Is it worth going the extra mile with players?
The question is, if we had been able or willing to support her and her family in a practical way, would she have been scoring goals for the senior team this summer in Glasgow? While we will never know, should we have worked harder to make it a possibility? As coaches, are we willing to go beyond what we see on the surface of an issue to understand the root cause? Is it worth it?
My argument is always 'yes' to all these questions wherever it is humanly possible. We have a responsibility as coaches first and foremost to the individual. Without going into the higher levels of Maslow's hierarchy of needs, if we can ensure the athlete is confident, at peace and happy in themselves everything else we want to instil in them and train them for will follow naturally. Again, there is not space here to discuss specific interventions, but if the district performance coach had dug a little deeper in the case of the player above, things could have turned out very differently. While not all coaches are comfortable in dealing with this kind of situation there will nearly always be someone in that player's life who can help, even if it means going back to their school as I have done in a number of cases.
Why it pays to dig beneath the surface...
Another good example is one of the students from a school I taught at, who was selected for a district team. Her coach approached me after a few weeks and said she didn't really think the player was interested as she never said anything and didn't interact much with the other players, although she did all she was asked in training.
When I spoke to the player she explained that actually she was terrified of saying anything in case the other players and coach thought she was a 'ned' or 'really stupid'.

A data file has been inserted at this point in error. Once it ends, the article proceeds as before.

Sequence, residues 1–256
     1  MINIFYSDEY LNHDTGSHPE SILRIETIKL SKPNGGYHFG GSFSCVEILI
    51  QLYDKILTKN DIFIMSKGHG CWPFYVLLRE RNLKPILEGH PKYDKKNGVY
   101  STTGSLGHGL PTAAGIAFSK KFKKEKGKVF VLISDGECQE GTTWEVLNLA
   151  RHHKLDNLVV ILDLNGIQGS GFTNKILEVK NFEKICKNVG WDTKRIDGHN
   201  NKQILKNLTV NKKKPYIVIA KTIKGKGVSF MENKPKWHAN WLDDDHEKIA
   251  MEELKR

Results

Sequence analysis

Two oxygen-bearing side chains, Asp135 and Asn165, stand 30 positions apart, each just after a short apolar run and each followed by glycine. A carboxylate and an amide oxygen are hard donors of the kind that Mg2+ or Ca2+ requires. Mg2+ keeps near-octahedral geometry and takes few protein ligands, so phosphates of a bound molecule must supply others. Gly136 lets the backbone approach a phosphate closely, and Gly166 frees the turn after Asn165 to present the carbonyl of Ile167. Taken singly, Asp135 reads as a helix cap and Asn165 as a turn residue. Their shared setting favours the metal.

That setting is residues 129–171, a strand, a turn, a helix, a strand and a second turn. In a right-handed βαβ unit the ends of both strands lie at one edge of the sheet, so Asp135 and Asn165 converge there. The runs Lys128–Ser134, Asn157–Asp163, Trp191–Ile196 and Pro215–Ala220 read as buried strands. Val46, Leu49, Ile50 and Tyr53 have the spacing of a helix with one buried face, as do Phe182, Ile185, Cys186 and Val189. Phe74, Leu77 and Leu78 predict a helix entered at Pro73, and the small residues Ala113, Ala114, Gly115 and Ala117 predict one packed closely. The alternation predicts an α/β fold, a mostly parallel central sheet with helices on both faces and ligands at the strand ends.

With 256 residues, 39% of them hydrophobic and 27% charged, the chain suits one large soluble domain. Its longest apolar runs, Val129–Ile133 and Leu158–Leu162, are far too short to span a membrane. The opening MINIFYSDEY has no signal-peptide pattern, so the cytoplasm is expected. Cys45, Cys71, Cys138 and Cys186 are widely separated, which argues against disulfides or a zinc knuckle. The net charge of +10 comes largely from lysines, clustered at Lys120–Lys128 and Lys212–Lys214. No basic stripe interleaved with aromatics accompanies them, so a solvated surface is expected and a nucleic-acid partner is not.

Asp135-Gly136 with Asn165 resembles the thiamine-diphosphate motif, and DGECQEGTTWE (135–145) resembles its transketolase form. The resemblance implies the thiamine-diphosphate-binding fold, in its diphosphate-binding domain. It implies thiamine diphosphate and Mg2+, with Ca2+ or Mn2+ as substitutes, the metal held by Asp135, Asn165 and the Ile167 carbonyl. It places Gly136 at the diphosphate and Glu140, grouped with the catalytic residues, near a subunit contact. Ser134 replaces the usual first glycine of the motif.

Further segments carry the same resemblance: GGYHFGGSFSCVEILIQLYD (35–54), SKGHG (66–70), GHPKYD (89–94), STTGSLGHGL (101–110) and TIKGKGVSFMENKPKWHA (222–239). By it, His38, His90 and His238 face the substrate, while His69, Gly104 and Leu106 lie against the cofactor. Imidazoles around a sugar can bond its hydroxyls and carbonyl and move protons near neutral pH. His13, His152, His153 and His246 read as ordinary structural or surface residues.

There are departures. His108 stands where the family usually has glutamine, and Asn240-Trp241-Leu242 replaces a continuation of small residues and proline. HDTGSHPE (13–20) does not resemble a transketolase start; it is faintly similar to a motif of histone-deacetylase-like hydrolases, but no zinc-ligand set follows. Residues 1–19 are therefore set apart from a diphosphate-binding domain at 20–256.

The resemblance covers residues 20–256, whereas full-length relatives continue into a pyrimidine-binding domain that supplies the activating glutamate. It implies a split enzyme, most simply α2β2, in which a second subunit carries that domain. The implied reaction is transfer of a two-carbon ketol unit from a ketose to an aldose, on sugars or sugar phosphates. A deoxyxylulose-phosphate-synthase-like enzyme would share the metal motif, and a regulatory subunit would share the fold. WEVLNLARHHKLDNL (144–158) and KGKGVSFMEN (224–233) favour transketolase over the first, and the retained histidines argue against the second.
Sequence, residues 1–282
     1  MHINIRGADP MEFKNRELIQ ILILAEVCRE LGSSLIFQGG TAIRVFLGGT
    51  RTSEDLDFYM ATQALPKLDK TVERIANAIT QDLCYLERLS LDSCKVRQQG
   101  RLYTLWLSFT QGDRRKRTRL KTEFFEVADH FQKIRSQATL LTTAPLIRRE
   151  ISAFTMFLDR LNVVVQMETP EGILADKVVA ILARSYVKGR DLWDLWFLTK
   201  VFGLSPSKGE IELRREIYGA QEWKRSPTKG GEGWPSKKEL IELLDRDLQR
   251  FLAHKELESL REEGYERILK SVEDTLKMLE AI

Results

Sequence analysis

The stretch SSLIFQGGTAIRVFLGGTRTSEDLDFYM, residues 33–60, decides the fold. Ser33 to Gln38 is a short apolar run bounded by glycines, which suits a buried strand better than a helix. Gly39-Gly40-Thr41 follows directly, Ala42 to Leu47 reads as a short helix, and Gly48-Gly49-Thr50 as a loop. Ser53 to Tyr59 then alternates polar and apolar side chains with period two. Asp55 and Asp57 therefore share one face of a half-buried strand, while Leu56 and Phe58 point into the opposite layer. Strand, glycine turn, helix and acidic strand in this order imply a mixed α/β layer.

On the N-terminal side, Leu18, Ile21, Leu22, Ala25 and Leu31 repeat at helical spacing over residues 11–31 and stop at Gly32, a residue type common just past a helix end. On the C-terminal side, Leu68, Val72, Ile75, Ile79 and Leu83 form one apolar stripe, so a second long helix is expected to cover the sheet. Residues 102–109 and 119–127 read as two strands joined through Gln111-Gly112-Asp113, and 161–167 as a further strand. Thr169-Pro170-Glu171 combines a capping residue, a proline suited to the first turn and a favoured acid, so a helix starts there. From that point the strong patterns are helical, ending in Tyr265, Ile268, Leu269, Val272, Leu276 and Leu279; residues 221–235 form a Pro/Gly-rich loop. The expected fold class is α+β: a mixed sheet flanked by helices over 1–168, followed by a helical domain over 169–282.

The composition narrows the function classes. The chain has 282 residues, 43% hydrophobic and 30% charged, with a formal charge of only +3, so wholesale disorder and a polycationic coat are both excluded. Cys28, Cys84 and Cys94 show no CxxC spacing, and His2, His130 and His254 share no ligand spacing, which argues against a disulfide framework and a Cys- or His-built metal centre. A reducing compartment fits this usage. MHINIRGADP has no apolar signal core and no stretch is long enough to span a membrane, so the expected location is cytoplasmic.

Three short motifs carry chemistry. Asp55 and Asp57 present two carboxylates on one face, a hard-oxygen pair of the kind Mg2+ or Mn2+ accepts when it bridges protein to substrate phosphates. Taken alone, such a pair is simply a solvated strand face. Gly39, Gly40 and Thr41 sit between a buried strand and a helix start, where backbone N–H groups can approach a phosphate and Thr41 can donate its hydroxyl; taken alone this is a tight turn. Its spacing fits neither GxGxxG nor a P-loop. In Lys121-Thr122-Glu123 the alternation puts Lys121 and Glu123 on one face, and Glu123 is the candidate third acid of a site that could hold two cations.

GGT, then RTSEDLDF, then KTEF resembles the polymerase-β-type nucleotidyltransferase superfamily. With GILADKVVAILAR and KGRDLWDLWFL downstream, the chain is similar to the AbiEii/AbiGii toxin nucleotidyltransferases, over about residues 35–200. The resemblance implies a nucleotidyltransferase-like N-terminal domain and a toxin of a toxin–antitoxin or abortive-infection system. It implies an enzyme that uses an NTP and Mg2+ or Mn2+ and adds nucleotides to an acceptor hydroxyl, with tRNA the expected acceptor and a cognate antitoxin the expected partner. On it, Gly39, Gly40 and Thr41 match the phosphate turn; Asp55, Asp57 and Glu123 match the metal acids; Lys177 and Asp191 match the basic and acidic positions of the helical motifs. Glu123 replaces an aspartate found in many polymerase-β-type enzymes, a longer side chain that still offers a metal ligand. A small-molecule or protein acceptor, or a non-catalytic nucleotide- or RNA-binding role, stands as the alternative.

Actually the fact that she had played her way into that team, given that no one else in her school even turned up to the trial, should have been evidence of her determination. She was one of only 3 players in the squad of around 25 that did not play for one of 5 local private schools.
Again, as coaches, knowing the background of a player like this and what they have gone through to get where they are, should give real insight into how to react to challenges we face in coaching them. I would also strongly advocate listening to trusted voices who know the player well. They are likely to give the best advice in how to move the player on to where we want them to be.
Treating players as individuals...
And what happened to our basketball player above? We didn't take no for an answer as we knew her pretty well and she had been looking forward to the camp for weeks. In fact we drove to her flat to speak to her. There she admitted that actually she was simply ashamed of turning up to a camp full of people she didn't know with the clothes and especially trainers she owned. We bought her new kit and she described that camp as the best week of her life.
During the five days she also tried her hand at rugby and turned out to be simply outstanding. She was taken on by a national league club, but was too young to play in the league at the time. As a result she also drifted away and one of the questions that still haunts me today is: what should I have done to her support her? Directly I wouldn't have been able to do anything, but I certainly had the resources and contacts to help more than I did.
My hope is as a coach in the future I won't make the same mistakes, and that is why I would also urge any other coach to first and foremost support the person and their development as an individual. After that the technical and tactical improvements we want to make will take care of themselves.